Since then, of course, our country has experienced other horrendous mass shootings. To name just a few:

Sandy Hook in 2012- the slaughter of 20 first graders and 6 educators.

Aurora theater shooting in 2012- leaving 12 dead and 70 injured.

Pulse Nightclub shooting in 2016 with 49 dead and 58 injured.

Las Vegas in 2017- 58 massacred and 851  injured!Parklan

Sutherland, Texas church shooting left 26 dead and 20 injured.

Parkland school shooting on Feb. 14th of this year leaving 17 dead and 17 injured.

We shouldn’t think these will be the worst.

Because some of our leaders have chosen to close their eyes and ears to these tragic shootings of innocent Americans, we know there will be more.

They are not acting to stop the next shooting or prevent easy access to guns by those who shouldn’t have them or stop military style assault rifles from being too easily available for the slaughter of our kids.

Where is common sense?

Back to the inauspicious anniversary of the shooting at a citizenship class in Binghamton, New York, it does seem as if the community and the nation has moved on:

Eight years later, the world has largely forgotten about Binghamton, its tragedy turned achingly familiar by the shootings that have followed. This is far from a mournful place, and the little memorial park that residents built by the Chenango River is quiet and tasteful. But the rampage still affects the community and its people in subtle ways. (…)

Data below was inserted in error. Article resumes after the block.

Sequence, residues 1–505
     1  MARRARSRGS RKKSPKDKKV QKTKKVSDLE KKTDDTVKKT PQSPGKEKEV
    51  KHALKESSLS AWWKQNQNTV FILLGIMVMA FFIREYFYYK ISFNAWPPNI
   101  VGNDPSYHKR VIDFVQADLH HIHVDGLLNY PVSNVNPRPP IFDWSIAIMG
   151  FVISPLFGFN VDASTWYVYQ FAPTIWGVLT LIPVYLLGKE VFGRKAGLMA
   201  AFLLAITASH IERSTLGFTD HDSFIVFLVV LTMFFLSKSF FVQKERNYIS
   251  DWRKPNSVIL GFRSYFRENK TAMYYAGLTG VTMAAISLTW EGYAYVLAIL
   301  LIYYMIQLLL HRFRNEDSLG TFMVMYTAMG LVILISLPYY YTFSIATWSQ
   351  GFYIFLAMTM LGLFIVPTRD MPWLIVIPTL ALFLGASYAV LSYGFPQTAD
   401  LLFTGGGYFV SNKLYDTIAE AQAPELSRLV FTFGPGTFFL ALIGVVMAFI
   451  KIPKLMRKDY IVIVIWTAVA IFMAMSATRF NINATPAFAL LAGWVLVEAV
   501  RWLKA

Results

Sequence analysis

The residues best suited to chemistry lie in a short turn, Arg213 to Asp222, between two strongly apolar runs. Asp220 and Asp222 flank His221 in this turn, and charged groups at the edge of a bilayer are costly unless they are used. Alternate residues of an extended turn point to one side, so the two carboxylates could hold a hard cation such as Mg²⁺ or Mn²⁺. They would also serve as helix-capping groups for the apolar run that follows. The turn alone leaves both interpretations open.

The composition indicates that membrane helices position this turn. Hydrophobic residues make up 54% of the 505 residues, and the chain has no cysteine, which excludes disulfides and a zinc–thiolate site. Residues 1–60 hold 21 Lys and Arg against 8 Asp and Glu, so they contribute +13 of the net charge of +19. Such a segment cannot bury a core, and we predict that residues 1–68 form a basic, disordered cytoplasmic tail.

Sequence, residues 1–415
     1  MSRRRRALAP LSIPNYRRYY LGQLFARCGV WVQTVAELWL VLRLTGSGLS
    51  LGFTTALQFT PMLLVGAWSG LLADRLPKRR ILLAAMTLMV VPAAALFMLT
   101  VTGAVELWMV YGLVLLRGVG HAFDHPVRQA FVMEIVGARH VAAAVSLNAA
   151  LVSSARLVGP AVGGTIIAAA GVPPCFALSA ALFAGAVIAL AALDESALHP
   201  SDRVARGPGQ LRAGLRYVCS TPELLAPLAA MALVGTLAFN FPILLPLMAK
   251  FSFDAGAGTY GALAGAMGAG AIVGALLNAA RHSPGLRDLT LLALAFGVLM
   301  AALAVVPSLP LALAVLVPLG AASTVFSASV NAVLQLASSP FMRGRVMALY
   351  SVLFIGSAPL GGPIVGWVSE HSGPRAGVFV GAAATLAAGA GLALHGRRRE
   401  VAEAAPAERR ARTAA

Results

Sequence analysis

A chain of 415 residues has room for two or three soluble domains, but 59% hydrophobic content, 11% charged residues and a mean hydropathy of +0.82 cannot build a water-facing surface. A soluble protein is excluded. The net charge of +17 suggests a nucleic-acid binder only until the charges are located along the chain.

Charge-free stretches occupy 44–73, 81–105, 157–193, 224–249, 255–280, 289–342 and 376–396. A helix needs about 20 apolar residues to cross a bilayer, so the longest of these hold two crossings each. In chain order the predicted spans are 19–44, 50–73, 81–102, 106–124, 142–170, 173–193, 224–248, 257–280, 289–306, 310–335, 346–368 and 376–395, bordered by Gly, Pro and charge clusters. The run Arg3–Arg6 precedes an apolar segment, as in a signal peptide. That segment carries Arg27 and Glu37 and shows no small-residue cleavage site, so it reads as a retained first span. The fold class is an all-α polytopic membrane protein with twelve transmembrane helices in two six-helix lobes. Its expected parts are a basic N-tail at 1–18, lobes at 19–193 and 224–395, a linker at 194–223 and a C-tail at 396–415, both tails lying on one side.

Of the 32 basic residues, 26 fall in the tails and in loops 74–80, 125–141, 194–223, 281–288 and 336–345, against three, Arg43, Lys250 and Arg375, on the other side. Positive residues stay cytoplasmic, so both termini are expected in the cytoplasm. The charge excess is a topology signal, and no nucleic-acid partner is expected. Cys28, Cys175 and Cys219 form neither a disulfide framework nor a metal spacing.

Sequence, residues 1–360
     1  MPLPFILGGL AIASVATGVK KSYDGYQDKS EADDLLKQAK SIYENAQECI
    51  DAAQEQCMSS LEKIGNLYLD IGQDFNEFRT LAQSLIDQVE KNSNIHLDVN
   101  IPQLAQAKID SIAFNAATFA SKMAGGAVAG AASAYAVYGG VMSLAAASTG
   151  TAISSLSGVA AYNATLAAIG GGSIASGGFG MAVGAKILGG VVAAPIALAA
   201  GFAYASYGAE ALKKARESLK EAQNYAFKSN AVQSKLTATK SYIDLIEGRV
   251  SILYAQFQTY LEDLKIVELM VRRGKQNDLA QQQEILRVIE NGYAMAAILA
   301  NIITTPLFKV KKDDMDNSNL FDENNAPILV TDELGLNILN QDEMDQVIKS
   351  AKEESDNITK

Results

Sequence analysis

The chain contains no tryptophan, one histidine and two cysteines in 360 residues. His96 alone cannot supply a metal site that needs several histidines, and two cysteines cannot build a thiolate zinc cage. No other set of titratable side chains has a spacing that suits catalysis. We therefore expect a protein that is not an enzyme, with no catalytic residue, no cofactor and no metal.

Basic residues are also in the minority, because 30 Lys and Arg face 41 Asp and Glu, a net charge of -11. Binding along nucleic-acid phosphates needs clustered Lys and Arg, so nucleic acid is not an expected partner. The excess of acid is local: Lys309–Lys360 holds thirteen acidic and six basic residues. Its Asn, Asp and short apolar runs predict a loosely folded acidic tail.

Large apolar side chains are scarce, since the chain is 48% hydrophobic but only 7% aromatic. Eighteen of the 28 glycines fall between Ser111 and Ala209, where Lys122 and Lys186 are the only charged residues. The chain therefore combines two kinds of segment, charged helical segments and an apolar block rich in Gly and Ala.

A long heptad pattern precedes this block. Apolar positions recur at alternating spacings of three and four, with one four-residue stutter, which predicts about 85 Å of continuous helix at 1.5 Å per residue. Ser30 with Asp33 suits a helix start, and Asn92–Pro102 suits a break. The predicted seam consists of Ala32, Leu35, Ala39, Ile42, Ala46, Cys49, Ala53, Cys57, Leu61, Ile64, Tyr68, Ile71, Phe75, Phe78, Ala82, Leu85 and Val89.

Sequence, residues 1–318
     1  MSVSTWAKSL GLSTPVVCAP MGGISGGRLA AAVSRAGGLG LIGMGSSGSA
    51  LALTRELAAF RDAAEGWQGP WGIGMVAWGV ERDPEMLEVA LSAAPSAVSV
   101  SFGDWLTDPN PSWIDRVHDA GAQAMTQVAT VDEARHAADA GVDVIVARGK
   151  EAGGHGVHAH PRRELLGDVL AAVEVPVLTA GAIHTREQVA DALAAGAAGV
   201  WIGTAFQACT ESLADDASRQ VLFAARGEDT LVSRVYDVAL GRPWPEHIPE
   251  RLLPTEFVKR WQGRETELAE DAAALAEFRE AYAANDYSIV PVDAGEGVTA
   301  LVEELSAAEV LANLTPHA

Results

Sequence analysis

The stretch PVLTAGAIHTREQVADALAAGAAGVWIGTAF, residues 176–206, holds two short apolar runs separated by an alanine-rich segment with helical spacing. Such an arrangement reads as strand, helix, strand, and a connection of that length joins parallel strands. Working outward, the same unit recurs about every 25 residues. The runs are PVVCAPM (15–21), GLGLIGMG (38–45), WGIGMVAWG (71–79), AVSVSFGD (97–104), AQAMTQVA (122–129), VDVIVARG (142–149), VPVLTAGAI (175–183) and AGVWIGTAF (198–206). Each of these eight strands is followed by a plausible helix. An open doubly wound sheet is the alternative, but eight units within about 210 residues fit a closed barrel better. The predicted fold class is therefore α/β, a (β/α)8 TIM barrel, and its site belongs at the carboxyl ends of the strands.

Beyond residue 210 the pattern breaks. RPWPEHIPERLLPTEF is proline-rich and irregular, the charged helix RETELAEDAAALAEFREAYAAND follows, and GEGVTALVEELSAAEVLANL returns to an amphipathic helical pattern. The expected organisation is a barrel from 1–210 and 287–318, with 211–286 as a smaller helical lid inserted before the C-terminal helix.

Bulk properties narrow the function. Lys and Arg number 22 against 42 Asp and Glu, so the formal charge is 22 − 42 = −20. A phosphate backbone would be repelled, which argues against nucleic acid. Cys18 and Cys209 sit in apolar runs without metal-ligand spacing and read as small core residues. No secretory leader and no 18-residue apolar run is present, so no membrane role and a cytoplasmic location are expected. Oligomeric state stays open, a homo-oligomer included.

“It was an episode that ripped apart our delusion that we were safe from all that,” said Gerald R. Smith, a 63-year-old historian who works out of the Broome County Public Library downtown.

Yes, it can happen here, Binghamton learned the hard way, in a small city of about 46,000, roughly the size of Attleboro or Leominster.

The ripple effect of gun violence swirls around us in communities all over our country. The families and friends of the victims never forget. They learn to live around the hole in their hearts and their lives caused by a senseless shooting. But some things cannot be forgotten or erased from the collective memories of a small town north of New York City. The shooting will never make sense as they never do. More from the linked article:

King is 55, a trim, well-spoken man who keeps a packed schedule. The growing number of mass shootings in the years after Binghamton — the litany that opens this story is just a sampling — has driven him to deep frustration. Though he never raises his voice in an hourlong interview at his office, his exasperation is clear.

“I’m sickened that another group of innocent people will go through what we did,” he said last week, with news of the Sutherland Springs shooting still fresh.

“I just know deeply . . . ”

He cut off the thought and began another.

“Those families now — they have no idea the recovery . . . ”

He tapped his fingers over his heart.